Department of Homeland Security Daily Open Source Infrastructure Report

Monday, August 2, 2010

Complete DHS Daily Report for August 2, 2010

Daily Report

Top Stories

• WGAL 8 Lancaster reports that a truck hauling about 20,000 pounds of ammonium nitrate overturned July 29 in southern York County, Pennsylvania. About 1,000 pounds spilled onto the roadway.

6. July 29, WGAL 8 Lancaster – (Pennsylvania) Truck carrying ammonium nitrate overturns in York County. A truck hauling ammonium nitrate, a potentially explosive fertilizer, overturned July 29 in southern York County, Pennsylvania. The crash happened at the intersection of Route 74 and Route 372 in Lower Chanceford Township around 7 a.m. Both roads were shut down for hours. The enclosed dump truck was carrying about 20,000 pounds of ammonium nitrate. About 1,000 pounds of that spilled onto the roadway. Fire officials said the spill did not pose a danger and nothing in the area was contaminated. No one was hurt in the crash and hazmat crews eventually cleared the scene. State police are investigating what caused the truck to overturn. Source:

• The Associated Press reports that researchers have uncovered new ways that criminals can spy on Internet users even if they are using secure connections to banks, online retailers, or other sensitive Web sites. The problem lies in the way Web browsers handle Secure Sockets Layer, or SSL, encryption technology.

See item 15 below in the Banking and Finance Sector.


Banking and Finance Sector

14. July 30, New York Times – (National) Citigroup pays $75 million to settle subprime claims. Citigroup agreed July 27 to pay $75 million to settle federal claims that it failed to disclose vast holdings of subprime mortgage investments that were deteriorating during the financial crisis and ultimately crippled the bank. The settlement centers on events in the fall of 2007, when Citigroup’s reported losses started to cascade, eventually prompting the federal government to rescue the bank a year later. The case is the first to focus on whether banks adequately disclosed to their shareholders the increasingly precarious state of their finances during the crisis. It is also the first time the Securities and Exchange Commission has brought charges against high-ranking bank executives over their involvement with subprime mortgage bonds. The commission singled out two Citigroup executives for omitting material information in disclosures to shareholders, according to the complaint. Source:

15. July 30, Associated Press – (International) Cheat an ATM? Spy on secure web traffic? Hackers show how. Researchers have uncovered new ways that criminals can spy on Internet users even if they are using secure connections to banks, online retailers or other sensitive Web sites, as determined hackers can sniff around the edges of encrypted Internet traffic to pick up clues about what their targets are up to. The problem lies in the way Web browsers handle Secure Sockets Layer, or SSL, encryption technology, according to the researchers. Encryption forms a kind of tunnel between a browser and a website’s servers, scrambling data so it is indecipherable to prying eyes. SSL is widely used on sites trafficking in sensitive information, such as credit card numbers, and its presence is shown as a padlock in the browser’s address bar. The approach by the researches was not to break it. They wanted to see instead what they could learn from what are essentially the breadcrumbs from people’s secure Internet surfing that browsers leave behind and that skilled hackers can follow. Their attacks would yield all sorts of information. It could be relatively minor, such as browser settings or the number of Web pages visited. It could be quite substantial, including whether someone is vulnerable to having the “cookies” that store usernames and passwords misappropriated by hackers to log into secure sites. Source:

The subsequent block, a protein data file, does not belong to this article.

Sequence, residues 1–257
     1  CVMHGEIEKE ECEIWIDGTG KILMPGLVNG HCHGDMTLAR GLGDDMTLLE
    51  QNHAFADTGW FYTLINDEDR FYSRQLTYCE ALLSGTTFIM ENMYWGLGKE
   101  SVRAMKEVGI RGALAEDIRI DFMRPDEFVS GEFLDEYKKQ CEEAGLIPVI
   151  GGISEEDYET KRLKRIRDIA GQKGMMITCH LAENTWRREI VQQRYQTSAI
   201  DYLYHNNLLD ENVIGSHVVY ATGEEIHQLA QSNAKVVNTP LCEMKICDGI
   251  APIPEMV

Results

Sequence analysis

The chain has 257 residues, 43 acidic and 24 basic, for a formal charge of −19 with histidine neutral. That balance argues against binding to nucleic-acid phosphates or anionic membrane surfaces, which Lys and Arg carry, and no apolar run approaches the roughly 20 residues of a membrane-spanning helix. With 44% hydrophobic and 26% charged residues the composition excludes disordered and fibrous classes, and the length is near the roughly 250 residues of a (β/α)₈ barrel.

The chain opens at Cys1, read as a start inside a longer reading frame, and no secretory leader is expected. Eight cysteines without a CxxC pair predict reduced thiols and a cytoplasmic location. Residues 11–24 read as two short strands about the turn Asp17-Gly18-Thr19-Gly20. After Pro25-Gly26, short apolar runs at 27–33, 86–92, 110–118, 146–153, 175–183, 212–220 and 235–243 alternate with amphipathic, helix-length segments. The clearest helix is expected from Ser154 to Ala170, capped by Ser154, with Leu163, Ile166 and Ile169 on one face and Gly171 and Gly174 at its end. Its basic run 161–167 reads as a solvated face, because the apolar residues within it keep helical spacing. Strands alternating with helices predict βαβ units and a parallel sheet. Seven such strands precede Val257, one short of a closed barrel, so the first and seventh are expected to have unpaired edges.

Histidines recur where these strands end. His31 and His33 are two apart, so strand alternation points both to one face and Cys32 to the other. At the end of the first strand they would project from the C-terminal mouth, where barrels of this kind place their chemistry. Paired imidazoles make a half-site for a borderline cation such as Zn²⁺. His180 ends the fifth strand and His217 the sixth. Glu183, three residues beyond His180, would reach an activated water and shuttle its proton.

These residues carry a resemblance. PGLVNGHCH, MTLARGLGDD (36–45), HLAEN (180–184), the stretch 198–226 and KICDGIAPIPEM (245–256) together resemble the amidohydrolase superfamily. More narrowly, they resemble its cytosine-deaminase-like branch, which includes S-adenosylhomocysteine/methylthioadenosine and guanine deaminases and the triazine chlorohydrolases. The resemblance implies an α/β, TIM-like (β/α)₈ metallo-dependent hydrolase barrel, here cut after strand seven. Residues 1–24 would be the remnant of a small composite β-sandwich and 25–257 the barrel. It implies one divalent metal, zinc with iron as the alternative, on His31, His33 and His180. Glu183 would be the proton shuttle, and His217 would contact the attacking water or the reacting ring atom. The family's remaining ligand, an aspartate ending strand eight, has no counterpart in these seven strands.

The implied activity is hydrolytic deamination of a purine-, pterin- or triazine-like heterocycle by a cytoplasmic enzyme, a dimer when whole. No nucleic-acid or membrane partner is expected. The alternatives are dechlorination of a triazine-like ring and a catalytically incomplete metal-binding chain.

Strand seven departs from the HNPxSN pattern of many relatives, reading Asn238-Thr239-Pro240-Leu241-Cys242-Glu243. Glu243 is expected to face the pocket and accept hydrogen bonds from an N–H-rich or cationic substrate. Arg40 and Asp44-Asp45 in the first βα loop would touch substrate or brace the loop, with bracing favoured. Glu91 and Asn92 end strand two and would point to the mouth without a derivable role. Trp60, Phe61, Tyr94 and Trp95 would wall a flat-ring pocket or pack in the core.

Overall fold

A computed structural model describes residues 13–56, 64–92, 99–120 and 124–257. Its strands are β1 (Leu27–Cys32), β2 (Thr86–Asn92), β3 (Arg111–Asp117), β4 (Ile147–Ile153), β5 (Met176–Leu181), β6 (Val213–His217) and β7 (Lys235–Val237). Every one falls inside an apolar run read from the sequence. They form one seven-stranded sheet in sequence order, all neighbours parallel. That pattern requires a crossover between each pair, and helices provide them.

16. July 29, Reuters – (National) SEC charges brothers with $550 million fraud. The Securities and Exchange Commission charged a billionaire and his brother with fraud for reaping more than $550 million of illicit gains by trading stock in four companies while they were serving as directors. They were accused of concocting a sham web of trusts and subsidiaries in the Isle of Man and the Cayman Islands to conceal over a 13-year period more than $750 million of stock sales in Michaels Stores Inc, Sterling Commerce Inc, Sterling Software Inc and Scottish Annuity & Life Holdings Ltd. The SEC said they also reaped a $31.7 million insider trading gain by making a “massive and bullish” bet in Sterling Software in October 1999 after they, as chairman and vice chairman, decided to sell the company. They would sell Sterling to Computer Associates International Inc in early 2000. Source:

17. July 29, WPRI 12 Providence – (Rhode Island) Credit card phone scam warning. The Central Falls, Rhode Island, Police Department is warning residents about two credit card phone scams where a con artist posing as an agent of a vacation club, promising a free trip, convincing victems that all they have to do is furnish their credit card number and three digit security code. Usually, within hours, $300-$500 will be withdrawn from the victim’s account. People are also being swindled from con-artist posing as agents from the victim’s financial institution. The caller will claim that someone fraudulently used the victim’s credit or debit card and will conveniently offer to correct the problem for them, once again requesting the victim’s credit card number, security code and often times, their expiration date. Because they feel that they have already been victimized, many people are happy to oblige making them easy prey for the swindler. The criminals are described as very convincing. Source: